What do the Bible and Jesus Christ have to say about a woman’s right to choose?
As a Christian minister, Reverend Matthew Westfox makes a religious argument for reproductive justice when speaking to those who share his faith. “In the parable of the sower, Jesus reminds us that seed alone does not bring about new life,” but that it is up to the sacred conscience of the Sower to choose when and where “the seed are cast.”
“Similarly,” Westfox writes, ““living out a theology of reproductive justice—a theology that truly values and is pro life—means ensuring that those who want to create new life or parent a child never feel they cannot because the ground they stand upon is not suitable.”
Ordained in the United Church of Christ, Rev. Westfox works with the Religious Coalition for Reproductive Choice and other organizations whose constituents include not only women, specifically, but people of all genders for whom access to reproductive services is threatened, risky, or nonexistent.
Westfox spoke with The Good Men Project recently about what reproductive justice means, why it’s a Christian issue, and what men can do to advance the movement.
JC: When were you first called to this mission?
MW: In seminary. Christians don’t all speak with one voice: there is disagreement within the faith on reproductive justice, but we are certainly not as monolithic as the media often portrays. I felt it was important to be a Christian voice for reproductive justice, when most people are so used to hearing Christians speak against it. I wanted to do what I could to work for justice and healing.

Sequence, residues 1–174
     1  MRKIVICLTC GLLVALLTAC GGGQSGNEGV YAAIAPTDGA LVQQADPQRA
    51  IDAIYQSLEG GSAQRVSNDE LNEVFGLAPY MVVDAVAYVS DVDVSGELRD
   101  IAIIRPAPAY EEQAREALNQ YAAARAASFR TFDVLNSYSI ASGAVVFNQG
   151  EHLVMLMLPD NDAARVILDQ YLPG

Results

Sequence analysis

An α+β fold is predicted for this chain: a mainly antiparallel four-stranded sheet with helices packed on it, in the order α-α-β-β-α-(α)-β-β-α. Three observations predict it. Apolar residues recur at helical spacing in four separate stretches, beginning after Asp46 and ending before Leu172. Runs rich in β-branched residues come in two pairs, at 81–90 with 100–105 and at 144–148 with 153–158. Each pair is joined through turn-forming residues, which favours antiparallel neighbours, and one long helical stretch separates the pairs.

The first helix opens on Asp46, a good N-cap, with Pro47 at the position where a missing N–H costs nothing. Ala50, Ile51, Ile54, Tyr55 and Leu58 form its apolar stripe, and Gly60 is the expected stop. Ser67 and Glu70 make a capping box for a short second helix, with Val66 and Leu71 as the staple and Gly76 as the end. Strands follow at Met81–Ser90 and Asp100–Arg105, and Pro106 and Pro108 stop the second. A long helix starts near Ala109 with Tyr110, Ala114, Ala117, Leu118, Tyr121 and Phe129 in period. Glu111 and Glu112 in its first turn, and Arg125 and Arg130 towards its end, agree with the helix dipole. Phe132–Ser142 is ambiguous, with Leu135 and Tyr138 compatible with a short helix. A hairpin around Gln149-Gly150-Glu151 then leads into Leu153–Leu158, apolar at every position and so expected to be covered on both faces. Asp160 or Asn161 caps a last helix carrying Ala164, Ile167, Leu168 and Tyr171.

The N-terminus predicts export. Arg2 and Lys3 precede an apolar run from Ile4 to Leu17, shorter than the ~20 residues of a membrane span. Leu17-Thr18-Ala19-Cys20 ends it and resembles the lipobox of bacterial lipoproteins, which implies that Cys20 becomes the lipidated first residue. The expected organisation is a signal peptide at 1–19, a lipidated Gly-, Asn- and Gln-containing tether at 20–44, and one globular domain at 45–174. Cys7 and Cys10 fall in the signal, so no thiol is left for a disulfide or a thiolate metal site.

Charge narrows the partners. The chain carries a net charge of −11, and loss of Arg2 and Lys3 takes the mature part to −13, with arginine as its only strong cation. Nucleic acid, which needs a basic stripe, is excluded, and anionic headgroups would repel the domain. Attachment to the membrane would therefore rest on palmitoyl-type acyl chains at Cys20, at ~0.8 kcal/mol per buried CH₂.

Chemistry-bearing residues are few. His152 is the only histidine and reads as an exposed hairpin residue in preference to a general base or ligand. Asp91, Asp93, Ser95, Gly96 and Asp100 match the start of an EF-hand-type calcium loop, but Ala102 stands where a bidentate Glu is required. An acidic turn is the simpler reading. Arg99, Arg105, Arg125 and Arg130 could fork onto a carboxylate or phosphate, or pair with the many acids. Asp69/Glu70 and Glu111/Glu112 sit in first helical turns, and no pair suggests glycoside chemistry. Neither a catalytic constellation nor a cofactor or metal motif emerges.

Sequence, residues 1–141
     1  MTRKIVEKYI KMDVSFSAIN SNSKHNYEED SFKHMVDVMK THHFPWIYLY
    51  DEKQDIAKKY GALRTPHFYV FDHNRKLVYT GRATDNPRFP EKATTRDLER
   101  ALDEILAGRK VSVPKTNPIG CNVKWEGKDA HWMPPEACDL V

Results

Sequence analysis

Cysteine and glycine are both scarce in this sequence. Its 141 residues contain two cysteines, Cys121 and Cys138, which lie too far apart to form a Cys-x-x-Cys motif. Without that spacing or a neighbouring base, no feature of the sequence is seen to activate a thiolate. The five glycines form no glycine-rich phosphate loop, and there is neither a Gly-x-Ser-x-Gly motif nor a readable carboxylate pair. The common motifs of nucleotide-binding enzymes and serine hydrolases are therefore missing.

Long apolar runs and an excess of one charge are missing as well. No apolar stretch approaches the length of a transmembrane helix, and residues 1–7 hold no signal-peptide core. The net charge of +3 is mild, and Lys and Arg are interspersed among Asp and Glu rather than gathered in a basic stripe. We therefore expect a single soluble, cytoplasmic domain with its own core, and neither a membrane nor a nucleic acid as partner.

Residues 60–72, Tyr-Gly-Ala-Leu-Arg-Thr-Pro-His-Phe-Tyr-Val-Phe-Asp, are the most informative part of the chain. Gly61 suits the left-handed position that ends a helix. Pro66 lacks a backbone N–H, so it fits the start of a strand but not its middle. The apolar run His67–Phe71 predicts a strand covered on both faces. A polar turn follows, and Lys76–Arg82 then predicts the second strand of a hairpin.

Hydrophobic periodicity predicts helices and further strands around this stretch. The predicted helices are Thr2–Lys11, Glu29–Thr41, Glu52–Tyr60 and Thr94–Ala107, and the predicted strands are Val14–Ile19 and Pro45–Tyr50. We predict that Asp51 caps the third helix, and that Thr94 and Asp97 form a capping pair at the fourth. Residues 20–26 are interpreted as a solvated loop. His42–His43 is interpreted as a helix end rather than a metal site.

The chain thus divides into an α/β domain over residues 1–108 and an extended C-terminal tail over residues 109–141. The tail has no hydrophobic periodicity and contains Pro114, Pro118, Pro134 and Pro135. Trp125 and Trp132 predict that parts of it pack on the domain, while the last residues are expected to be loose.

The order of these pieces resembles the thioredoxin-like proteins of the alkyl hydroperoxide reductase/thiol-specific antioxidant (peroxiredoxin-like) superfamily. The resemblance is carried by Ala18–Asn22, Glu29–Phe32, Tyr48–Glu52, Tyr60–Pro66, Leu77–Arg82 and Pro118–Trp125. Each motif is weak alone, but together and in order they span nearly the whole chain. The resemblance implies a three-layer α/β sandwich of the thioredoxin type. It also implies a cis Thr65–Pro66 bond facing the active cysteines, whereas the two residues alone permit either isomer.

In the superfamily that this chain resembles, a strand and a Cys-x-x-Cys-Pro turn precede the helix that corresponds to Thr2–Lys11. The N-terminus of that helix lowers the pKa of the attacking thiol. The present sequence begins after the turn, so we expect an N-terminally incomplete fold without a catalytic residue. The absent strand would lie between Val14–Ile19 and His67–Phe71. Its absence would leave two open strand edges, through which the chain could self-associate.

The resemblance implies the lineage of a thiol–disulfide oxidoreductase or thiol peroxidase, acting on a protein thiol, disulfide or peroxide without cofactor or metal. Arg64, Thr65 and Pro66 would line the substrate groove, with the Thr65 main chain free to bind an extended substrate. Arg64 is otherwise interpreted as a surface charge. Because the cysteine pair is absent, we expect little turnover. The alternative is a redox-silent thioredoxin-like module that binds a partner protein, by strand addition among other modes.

JC: What do you say to people who believe there are verses in the Bible that contradict specific values of reproductive justice, like a woman’s right to choose an abortion?
MW: As a Christian, you can take the Bible seriously, or you can take it literally, but you can’t do both. The worst thing you can do is try to take one or two individual verses and use them as a hammer without looking at their full context. The beauty and power of the Bible is the work in full context. To me, proof texting is a misuse. “Proof texting” is to take one verse and say, “Here’s the proof” for a particular argument, without any discussion of the context that verse is set in. If a scientist took one fact and ignored nine to prove an argument, we wouldn’t accept that, but we do that with the Bible all the time.
I don’t try to pull verses: I look for the themes. What is it that God and Christ are telling us again and again throughout Scripture? Those are the questions that matter.
JC: Can you encapsulate a Christian argument for reproductive justice?
MW: One theme the Bible returns to again and again is “sacred conscience.” Each of us is wonderfully made by God. God granted us the ability of sacred conscience: the God-given ability to make decisions. God trusts us to make difficult decisions. We are each made differently, so you may make a different decision than I would under similar circumstances, and it still be the right choice. As a pastor and pastoral care giver, my role is not to decide for others, but to make sure they have the full and free ability to decide without interference, and offer counsel if and only if they wish it. Reproductive justice is about ensuring that someone is able to make the reproductive choices they wish to at the point of their life they wish to, whether that be parenting or not. Access to contraception, termination when needed, good jobs, health care: those are all needed so that people can make their own choices free of coercion. Pre and post natal care are just as much a part of reproductive justice as contraception and all the rest. So “sacred conscience” is the first key.